The early-season flurry is long over and the fall frenzy is still on the horizon, leaving Great Lakes walleye anglers to face some of the most difficult fishing of year.

“August and early September are tough because water temps are at their peak (mid 70s) and walleyes are scattered throughout the lake,” said Bandit ambassador and tournament angler Zak Jobes. “They could be holding on near-shore structure, or 10 miles offshore feeding on suspended bait, and you simply have to find them.”

The key to catching late-summer walleyes is to cover water while watching the sonar screen. “I’ll run 20 to 30 mph just looking for fish.” he said, adding that sonar equipment capable of marking fish at high speed, and the ability to interpret what’s on the screen, are essential to this approach.

“At that speed walleyes will appear as dots on the screen,” he explained. “When I see what I’m looking for, I’ll turn around and make a slower pass to confirm that they’re walleyes before I even set the trolling gear.”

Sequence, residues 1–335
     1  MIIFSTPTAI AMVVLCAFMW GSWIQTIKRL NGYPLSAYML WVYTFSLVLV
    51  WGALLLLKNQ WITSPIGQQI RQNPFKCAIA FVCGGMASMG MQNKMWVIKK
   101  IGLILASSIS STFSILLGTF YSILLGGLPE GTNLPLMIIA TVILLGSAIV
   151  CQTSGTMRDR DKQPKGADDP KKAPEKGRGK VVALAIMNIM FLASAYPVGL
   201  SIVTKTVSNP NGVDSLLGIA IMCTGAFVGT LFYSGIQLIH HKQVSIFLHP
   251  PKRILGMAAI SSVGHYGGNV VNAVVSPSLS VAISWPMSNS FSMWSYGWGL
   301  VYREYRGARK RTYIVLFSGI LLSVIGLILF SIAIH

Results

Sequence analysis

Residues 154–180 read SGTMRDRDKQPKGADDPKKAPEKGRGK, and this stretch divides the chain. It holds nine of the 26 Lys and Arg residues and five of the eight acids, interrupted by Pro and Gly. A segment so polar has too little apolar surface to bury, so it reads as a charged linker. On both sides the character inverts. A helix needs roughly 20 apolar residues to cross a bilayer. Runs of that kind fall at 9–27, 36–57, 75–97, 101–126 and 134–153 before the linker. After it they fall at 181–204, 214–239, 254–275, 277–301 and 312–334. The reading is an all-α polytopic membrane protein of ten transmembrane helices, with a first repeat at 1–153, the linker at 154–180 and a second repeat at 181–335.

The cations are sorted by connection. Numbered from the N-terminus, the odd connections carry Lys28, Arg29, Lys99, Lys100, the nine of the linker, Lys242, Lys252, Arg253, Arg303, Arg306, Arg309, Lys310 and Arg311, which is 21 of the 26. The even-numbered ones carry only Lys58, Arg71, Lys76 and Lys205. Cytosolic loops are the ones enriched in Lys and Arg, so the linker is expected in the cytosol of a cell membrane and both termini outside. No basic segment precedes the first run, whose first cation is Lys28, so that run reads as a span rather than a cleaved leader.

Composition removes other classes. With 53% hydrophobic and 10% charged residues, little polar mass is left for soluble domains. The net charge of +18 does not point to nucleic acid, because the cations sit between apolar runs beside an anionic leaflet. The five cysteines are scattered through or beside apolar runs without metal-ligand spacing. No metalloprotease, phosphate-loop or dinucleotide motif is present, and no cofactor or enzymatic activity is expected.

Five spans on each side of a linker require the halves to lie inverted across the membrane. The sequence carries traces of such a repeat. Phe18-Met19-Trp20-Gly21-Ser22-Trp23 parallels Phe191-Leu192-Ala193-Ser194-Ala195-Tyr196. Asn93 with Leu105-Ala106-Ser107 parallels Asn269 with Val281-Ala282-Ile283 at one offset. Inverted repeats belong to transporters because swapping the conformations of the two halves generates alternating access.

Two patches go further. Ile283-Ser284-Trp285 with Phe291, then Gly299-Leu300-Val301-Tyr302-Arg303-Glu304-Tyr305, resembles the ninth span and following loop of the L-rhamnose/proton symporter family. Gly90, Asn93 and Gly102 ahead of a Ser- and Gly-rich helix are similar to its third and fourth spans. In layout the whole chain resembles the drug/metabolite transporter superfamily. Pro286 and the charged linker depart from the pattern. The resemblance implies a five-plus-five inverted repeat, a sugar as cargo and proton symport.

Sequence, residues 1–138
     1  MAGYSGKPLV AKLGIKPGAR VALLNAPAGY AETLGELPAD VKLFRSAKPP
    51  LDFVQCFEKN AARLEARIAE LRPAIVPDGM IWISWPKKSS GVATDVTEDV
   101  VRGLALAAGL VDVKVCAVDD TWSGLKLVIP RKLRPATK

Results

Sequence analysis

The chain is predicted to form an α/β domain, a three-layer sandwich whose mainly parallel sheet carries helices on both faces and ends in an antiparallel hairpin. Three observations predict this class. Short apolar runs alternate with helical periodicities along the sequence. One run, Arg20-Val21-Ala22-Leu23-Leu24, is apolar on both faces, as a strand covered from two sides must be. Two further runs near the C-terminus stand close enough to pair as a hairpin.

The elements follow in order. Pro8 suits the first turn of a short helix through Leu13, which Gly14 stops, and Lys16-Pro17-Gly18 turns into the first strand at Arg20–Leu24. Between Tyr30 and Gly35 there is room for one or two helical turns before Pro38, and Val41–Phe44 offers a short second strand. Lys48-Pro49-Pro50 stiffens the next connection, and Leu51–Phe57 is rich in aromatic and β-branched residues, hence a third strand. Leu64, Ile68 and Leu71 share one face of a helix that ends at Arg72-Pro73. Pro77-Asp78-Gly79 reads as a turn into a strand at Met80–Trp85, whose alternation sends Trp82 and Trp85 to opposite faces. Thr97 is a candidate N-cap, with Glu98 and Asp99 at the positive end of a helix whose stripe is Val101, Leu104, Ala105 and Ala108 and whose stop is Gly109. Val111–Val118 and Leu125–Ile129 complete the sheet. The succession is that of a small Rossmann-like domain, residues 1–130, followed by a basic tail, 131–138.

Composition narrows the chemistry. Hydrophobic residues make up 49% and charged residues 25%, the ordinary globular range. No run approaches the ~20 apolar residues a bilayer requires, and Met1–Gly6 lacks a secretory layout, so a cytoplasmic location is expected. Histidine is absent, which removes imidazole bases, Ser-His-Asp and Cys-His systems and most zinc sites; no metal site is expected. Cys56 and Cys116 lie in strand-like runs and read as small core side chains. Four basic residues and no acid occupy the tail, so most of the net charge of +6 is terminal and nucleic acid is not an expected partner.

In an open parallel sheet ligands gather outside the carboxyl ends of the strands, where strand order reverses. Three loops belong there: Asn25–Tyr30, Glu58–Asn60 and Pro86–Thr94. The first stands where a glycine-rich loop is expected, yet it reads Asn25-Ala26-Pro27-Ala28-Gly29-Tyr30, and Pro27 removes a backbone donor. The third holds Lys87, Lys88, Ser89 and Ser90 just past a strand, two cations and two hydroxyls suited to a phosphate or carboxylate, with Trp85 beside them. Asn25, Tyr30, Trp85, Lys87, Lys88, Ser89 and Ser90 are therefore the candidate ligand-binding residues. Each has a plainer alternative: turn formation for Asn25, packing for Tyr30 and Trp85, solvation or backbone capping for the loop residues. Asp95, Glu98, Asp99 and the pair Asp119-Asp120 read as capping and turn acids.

Because water temps have everything moving in high gear, Jobes typically starts trolling Bandit Walleye Deep crankbaits on side-planers at 1.7 to 1.8 mph.

“The Bandit Deeps have the tight, aggressive wiggle that triggers strikes this time of year,” he said, “and they have a steep dive curve that can reach walleyes holding deep.”

The final piece to the puzzle is fine-tuning trolling speeds by making wide S-turns. “If the outside lures are getting hit, I know I need to kick up the speed a bit. When the inside lures are more productive, I need to crank it down a notch.”

Later on, when the water temperature drops into the low 60s and 50s, Jobes slows the troll and swaps lures, opting for a Smithwick Perfect 10 or Top 20, which have a wider, more seductive wobble.

But for now, he recommends anglers search for fish aggressively, troll at a fast pace, and look forward to the cooler season ahead.